Identify the benefits of using futures for hedging, speculating and arbitraging with real examples.


Financial Engineering and Risk Management

Individual Written Essay Report – 50%



  1. Futures:
  2. Identify the benefits of using futures for hedging, speculating and arbitraging with real examples.
  3. Explore the comparative analysis of futures and forwards with the reference to previous studies.
  4. SWAPS:
  5. Use real examples, e.g. business between IBM and MSFT, to explain how SWAPs enhance comparative advantages of business.
  6. Evaluate the credit risk embedded in SWAPs and identify what contracts can be used to reduce the risks.
  7. Options
  8. Collect the live data from options markets on stock options, e.g. Apple options chain via NASDAQ and Yahoo finance. Explore and explain how to create major trading strategies involving options, e.g. butterfly, bull spread, bear / bull spread etc.
  9. Compare the strategies across at least 5 stock options. Identify the similarities and differences. Link the trading strategies to company’s performance, financial environment, business cycles and economic policy.
  10. Securitization
  11. Appraise the contribution of financial innovations to credit crisis 2007-2008.
  12. Employ real business cases occurred 2007-2008 to address ‘What went wrong on derivatives market? Why? What lessons can be learned?


The objective of this essay is to reflect on what you have learned from financial innovation and engineering in terms of the innovations in financial markets, e.g. ABS, MBS, and major derived financial contracts, e.g. futures, options and swaps. Also identify how innovative contracts contribute to financial instability and crisis, and what lessons can be learned. Meanwhile it enables students to familiar with the Bloomberg trading platform and other popular financial databases, e.g. Yahoo finance. Use them to collect financial data and analyse data using appropriate methods to achieve valuable conclusions.




Relevant journal articles, newspapers and your textbook are supportive readings to the essay. Some of them are available on Emerald (see library page in OnlineCampus on how to access Emerald).

  1. The essay should have an introduction, main body and conclusion.
  2. The WORD LIMIT of the essay is 3000 words + 10% extra allowance and contents exceeding the word limits will NOT be marked.
  3. You should note your WORD COUNT at the beginning of the essay.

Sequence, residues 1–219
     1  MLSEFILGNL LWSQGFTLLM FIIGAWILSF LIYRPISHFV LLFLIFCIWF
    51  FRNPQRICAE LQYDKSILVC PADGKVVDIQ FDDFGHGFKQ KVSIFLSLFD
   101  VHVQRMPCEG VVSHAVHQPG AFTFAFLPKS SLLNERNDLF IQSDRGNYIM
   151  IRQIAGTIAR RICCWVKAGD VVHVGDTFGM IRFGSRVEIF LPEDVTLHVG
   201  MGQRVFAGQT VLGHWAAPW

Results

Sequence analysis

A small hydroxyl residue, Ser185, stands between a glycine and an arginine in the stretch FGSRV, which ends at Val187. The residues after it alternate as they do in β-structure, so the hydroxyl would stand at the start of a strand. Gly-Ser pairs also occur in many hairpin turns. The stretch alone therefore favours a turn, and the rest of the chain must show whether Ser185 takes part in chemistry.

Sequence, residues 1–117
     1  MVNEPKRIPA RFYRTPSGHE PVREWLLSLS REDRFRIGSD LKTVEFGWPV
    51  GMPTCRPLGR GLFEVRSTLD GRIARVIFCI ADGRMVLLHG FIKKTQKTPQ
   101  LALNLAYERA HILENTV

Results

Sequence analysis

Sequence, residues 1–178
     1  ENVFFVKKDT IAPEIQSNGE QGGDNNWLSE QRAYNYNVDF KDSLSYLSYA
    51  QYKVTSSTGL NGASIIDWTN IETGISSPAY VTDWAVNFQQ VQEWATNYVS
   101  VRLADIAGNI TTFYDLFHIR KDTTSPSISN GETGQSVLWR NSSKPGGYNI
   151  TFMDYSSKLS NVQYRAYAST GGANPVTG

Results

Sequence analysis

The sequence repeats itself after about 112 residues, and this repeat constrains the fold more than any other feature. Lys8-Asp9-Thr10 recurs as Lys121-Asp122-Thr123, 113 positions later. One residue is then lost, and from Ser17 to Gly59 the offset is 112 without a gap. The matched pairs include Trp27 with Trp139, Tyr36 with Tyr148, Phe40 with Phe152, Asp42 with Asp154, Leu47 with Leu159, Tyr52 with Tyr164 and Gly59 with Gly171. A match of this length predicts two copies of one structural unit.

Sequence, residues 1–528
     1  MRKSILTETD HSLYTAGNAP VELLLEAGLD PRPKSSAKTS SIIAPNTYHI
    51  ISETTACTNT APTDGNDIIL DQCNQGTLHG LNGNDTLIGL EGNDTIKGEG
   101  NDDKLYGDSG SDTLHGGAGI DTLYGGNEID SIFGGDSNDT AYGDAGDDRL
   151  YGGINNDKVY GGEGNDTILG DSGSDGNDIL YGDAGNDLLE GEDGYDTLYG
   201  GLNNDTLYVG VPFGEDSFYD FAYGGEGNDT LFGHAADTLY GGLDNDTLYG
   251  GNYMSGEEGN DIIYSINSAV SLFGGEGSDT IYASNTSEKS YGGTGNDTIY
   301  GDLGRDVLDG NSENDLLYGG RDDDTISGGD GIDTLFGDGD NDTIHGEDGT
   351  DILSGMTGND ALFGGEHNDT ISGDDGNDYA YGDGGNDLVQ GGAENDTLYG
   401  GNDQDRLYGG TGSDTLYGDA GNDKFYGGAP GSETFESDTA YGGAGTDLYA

4. Read the marking criteria of essay assessment and feedback strategies, and the module handbook before you start.


  1. There must be no evidence of plagiarism.


  1. Further guidance on the presentation and format of essays and referencing and plagiarism will be in project guidelines [including how the authenticity and originality of student work will be monitored].


  1. References should be indicated in the text, of the written report, using the Harvard (name and date) system, for example “Recent research (Fama and French 1998; Ritter 1984) suggests…” or, “Previously, Ibbotson and Jaffe (1974) have contended…”. A full bibliography, in alphabetical order, must be included at the end of the written report.


Reading List:

Hull J. C. (2016), Fundamentals of Futures and Options Markets. 9th ed. Pearson (earlier edition available).



Hull J. C. (2018), Option, Futures and other Derivatives, 10th ed. New York: Pearson Prentice-Hall.

Chartered Institute for Securities and Investment Institute (2011), Derivatives Unit 3 workbook, London. (CISI workbooks available in library)

Jacques, Ian, (2013), Mathematics for economics and business, 7th ed. Financial Times: Prentice Hall.

Frank K. Reili and Kei (2012), Analysis of investment & management of portfolios, 10th ed. South-Western.

Securities and financial derivatives: the official learning and reference (2007), 4th ed. London: Securities & Investment Institute.




Additional Instructions:

For any essay style answers and the written report they will be assessed on content, writing style and originality.

Concerning content, marks will be awarded for

  • clarity and flow of argument
  • knowledge of the extant literature and theory
  • evidence of understanding the question asked
  • use of examples and/or case studies


Regarding writing style, marks will be awarded for

  • use of English. Essays should be grammatically correct, with no spelling or typing errors (in the case of the written report)
  • neat presentation
  • structure, that is use of paragraphs, headings and sub-headings
  • bibliography (in the case of written report).


References should be indicated in the text of the essay style answers and the written report using the Harvard (name and date) system, for example “Recent research (Fama and French 1998; Ritter 1984) suggests…” or, “Previously, Ibbotson and Jaffe (1974) have contended…”.  A full bibliography, in alphabetical order, must be included in the written report.




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